An action filed in the United States District Court for the Western District of Missouri culminated after four years with a consent order that is catching attention due to its unusually small civil penalty, particularly in light of the severity of the conduct being penalized.
Richard Moseley Sr. and others, as well as a multitude of LLCs operating under his control (the “Defendants”), reached a consent judgment in the amount of $69,623,528, representing the amount of Defendants’ ill-gotten gains from their illegal payday lending scheme. But, in that same order, execution of the judgment was suspended upon certain conditions, including the following: (1) that Defendants agree not to participate in any further lending or financial services activities, (2) that they permit the CFPB to work with the Department of Justice to use funds from their bank accounts seized in a separate criminal action, and (3) that they each pay a civil penalty of just one dollar.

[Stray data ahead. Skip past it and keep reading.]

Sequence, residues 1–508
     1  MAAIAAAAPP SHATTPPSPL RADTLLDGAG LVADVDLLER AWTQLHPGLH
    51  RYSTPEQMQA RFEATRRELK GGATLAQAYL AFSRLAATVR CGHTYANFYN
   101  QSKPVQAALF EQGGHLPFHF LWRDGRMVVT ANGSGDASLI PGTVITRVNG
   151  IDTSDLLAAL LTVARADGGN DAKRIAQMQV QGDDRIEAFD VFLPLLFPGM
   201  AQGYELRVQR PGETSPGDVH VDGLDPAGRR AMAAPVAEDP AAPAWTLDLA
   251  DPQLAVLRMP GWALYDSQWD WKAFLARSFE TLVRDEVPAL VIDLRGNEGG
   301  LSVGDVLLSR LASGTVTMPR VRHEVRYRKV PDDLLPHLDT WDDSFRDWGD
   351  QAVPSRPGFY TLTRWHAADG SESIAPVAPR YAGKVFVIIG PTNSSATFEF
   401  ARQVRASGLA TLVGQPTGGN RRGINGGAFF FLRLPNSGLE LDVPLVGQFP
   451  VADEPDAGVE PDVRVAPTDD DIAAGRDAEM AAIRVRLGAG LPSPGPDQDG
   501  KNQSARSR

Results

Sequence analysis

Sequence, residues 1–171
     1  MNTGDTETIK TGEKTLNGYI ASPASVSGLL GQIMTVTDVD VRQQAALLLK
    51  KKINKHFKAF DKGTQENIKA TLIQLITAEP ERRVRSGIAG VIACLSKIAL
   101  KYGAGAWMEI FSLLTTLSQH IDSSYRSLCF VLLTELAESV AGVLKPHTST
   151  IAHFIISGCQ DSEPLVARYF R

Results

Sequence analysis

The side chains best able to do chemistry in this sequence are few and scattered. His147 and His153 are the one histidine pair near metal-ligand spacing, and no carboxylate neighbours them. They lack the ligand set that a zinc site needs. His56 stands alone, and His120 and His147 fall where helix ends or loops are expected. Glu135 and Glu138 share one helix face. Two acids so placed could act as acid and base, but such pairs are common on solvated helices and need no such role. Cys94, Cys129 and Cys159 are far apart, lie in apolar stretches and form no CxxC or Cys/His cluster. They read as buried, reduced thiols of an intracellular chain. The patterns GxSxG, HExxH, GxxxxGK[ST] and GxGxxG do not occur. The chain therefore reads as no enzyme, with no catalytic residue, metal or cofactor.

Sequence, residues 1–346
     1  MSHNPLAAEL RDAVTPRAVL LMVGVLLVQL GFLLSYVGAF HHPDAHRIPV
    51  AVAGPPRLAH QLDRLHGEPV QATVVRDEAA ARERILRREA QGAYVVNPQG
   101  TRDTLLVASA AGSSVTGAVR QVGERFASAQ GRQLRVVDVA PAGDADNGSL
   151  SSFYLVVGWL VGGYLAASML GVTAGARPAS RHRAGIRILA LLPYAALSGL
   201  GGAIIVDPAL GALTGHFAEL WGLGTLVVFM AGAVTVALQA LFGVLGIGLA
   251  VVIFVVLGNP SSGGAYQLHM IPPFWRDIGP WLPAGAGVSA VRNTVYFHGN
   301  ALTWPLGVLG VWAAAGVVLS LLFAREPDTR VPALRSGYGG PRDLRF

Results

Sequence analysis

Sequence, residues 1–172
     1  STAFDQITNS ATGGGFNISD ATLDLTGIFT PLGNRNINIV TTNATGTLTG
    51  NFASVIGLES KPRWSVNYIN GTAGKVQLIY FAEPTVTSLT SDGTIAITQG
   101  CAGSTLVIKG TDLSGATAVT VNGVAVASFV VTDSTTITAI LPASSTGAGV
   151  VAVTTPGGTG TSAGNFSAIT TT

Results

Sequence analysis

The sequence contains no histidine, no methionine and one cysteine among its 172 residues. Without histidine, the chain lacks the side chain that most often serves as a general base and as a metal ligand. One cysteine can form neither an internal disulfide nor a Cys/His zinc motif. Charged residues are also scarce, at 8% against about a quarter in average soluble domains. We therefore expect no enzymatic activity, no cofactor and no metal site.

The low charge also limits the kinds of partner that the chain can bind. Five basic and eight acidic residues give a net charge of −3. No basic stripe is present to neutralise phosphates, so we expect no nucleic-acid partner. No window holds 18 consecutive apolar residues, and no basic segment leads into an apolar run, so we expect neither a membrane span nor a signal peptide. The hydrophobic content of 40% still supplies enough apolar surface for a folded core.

This anemic civil penalty was figured based upon affidavits and documents Defendants provided to the Bureau showing their lack of ability to pay the judgment amount, or apparently even a small fraction of it.
The consent order follows the recent criminal conviction of Moseley in the Southern District of New York for conspiracy, collection of unlawful debts, wire fraud, aggravated identity theft, and false disclosures under TILA. Among other things, Moseley and others charged illegally high interest rates, approaching 1,000 percent, on payday loans, took sensitive banking information of prospective customers who had not signed a contract for the loan and withdrew money from their accounts, and falsely reported that his businesses were based in other countries when they were actually operating in the Kansas City area.